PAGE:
Sydney Mardi Gras Parade
2 min read

The Sydney Mardi Gras Parade will hit the streets of Sydney on Saturday night and if you don’t know where to find a spot, then just open Google Maps, they have prepared a rainbow guide line just for Mardi Gras.

As part of Google’s support of Sydney Mardi Gras, a rainbow line has today been placed along the parade route on the map. This all comes off the back of Google’s ongoing involvement, this year not as a sponsor but as a sponsor of the LGBTI community.

Instead of forking out sponsorship dollars, Google has provided the same amount of funds as previous years and donated those funds towards 17 floats for LGBTI community groups that may or may not  have been able to afford to enter the parade.


These floats will appear in Saturday night’s parade through Sydney Streets and they include Androgen Insensitivity Syndrome Support Group Australia, Selamat Datang, People with Disability Australia, Lifesavers with Pride, Trans Sydney with Pride, Northern Territory AIDS and Hepatitis Council & Departure Lounge, Psychedelic Love, Sydney Women’s AFL, The Gay and Lesbian Association of Doctors and Dentists, Wett Ones Sydney Swim Team, Inner City Legal Centre, DAYENU, Gay Tradies, Oceania Rainbow, Flourish Australia and Different Strokes Dragon Boat Club.

Google's rainbow parade route marker (Google Maps)
Google’s rainbow parade route marker (Google Maps)

Standing on a milk crate beside Oxford Street, in comfort on one of the exclusive viewing areas or taking part on a float or walking the route, the Sydney Mardi Gras parade today harvests the passion and pride of the LGBTI community and celebrates it with the world.

But sobering to remember that it was not always full of surf lifesavers and dykes on bikes but began as a single political protest in 1978 that had involved 1500 marches and resulted in 53 marches arrests.

Then in 1979, a parade was held to commemorate the march of the previous year. It was Sydney’s contribution to the international Gay Solidarity Celebrations, an event that had grown up as a result of the Stonewall riots in New York. But it helped change laws in New South Wales about conducting protests, a major civil rights milestone beyond the gay community.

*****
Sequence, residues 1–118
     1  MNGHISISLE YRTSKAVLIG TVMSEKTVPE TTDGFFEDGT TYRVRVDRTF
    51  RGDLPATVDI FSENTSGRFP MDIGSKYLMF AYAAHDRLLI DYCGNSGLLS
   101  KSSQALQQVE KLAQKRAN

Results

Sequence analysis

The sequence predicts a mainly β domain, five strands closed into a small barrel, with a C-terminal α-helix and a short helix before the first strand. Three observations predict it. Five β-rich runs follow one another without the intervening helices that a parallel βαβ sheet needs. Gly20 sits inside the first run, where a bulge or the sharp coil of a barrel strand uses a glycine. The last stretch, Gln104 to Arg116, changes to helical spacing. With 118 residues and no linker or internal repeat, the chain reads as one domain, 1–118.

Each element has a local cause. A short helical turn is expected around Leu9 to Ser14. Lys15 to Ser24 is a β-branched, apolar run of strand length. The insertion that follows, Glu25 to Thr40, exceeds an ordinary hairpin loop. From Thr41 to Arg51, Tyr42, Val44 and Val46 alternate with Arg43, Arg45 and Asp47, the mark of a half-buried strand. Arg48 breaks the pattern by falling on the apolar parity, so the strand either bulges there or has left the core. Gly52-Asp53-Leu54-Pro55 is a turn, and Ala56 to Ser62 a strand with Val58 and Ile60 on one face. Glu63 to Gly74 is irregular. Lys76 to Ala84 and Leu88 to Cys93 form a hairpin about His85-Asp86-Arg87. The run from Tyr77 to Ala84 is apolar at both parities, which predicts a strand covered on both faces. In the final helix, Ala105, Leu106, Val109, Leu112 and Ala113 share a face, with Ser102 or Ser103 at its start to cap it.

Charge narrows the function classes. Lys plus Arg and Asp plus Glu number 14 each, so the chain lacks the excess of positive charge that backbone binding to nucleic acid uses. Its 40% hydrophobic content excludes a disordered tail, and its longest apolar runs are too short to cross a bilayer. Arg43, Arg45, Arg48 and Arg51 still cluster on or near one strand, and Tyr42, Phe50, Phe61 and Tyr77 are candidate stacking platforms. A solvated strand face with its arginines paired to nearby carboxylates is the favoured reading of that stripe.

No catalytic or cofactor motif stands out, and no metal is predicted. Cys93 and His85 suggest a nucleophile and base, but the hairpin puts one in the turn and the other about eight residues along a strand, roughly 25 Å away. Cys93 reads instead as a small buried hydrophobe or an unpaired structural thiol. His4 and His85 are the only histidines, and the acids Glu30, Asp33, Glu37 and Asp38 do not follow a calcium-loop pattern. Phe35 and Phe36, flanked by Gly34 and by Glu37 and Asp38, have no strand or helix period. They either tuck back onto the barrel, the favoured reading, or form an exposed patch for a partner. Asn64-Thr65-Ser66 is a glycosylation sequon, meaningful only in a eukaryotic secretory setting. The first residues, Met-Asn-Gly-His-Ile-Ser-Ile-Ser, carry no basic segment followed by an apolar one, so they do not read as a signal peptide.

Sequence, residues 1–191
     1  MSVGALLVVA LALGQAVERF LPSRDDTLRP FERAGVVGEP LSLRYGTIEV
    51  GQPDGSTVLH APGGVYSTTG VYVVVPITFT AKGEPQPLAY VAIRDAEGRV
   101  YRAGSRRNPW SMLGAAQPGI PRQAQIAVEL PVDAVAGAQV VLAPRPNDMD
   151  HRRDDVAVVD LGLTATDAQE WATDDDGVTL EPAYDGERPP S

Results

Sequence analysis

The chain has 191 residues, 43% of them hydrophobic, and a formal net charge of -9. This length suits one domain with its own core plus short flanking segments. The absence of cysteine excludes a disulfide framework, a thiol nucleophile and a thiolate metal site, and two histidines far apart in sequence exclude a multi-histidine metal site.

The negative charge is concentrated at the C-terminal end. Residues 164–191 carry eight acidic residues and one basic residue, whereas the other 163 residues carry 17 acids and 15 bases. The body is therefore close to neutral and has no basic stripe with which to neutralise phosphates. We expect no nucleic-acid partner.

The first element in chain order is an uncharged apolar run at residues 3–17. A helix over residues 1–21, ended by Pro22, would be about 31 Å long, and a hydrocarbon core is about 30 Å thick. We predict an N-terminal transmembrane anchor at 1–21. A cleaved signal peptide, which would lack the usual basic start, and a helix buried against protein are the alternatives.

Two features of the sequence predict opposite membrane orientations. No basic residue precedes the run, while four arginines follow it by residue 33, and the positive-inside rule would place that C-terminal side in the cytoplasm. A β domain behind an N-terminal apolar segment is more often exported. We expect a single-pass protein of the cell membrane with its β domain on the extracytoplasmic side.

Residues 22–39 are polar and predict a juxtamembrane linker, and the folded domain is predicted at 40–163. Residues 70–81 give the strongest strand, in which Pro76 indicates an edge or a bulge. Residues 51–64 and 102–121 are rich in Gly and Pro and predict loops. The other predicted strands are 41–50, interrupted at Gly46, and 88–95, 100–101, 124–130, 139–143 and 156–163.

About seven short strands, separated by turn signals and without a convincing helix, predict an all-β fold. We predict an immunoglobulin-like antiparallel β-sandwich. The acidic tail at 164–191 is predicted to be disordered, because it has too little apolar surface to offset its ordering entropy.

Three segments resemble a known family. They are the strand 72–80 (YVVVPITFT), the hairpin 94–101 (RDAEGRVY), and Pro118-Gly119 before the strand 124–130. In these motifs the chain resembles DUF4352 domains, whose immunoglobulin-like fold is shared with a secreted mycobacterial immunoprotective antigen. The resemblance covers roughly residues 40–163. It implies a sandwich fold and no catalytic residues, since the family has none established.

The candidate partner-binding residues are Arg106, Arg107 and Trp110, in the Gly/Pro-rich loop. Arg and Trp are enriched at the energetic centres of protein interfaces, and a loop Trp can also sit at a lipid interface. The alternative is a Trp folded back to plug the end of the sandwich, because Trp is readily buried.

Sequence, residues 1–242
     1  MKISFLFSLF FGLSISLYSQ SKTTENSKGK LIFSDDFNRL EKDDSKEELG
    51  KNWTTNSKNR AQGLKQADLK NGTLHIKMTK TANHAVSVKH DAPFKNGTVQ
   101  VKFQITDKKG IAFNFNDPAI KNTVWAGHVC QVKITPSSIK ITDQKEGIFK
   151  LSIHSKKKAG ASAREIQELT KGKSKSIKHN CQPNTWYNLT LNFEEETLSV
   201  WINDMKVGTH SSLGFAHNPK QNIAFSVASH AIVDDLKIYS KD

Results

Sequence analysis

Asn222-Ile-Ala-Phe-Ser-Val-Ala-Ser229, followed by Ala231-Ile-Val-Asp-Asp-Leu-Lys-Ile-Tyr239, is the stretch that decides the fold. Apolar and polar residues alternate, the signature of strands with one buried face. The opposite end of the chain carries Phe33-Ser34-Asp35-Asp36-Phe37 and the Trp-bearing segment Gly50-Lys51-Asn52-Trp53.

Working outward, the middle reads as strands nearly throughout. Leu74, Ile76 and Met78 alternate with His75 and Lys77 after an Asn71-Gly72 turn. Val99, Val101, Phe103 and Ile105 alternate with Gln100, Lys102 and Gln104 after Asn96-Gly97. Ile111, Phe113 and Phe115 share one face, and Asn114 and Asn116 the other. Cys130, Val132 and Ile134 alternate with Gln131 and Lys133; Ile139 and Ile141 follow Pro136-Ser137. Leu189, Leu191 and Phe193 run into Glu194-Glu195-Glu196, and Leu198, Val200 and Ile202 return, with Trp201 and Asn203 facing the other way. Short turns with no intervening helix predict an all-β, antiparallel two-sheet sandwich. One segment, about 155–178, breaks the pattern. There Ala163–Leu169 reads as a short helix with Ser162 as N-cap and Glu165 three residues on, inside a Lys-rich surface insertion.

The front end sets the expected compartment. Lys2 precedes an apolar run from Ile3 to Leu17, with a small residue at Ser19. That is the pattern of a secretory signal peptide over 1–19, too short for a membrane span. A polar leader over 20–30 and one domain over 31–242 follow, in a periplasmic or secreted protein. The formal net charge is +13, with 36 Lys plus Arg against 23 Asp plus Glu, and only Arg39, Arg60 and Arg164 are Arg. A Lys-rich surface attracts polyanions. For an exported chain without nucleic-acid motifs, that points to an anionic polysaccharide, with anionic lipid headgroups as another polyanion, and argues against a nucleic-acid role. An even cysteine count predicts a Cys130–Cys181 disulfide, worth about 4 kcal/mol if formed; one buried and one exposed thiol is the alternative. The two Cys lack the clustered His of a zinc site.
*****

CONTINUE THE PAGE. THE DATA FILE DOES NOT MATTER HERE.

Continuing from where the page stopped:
Today the Sydney Mardi Gras festival stretches across three weeks and covers a wide spectrum of events but the parade still remains the shining star and is the only aspect of the packed program that continues to capture the attention of the entire Sydney community.

Sydney Mardi Gras Crowds - Images are shot by Jeffrey Feng for SGLMG 2016.
Sydney Mardi Gras Crowds – Images are shot by Jeffrey Feng for SGLMG 2016.

Approximately 300,000 people view the parade that snakes through the inner eastern suburb streets of Sydney, past some of the cities most well known gay venues, finishing in the city’s sporting precinct that then hosts the official party.

In 2012 the parade reached 10,000 participants for the first time and with interest growing worldwide, including New Zealand, expectations are that the 2017 event could break all the records despite the rain.

So, you’ve picked your viewing point, got your rainbow flag, glitter face paint, and hot pants, all you need to know is who to look out for as you cheer on the parade from the sidelines.

Find out the parade order and more details here.

Last Updated on Mar 4, 2017

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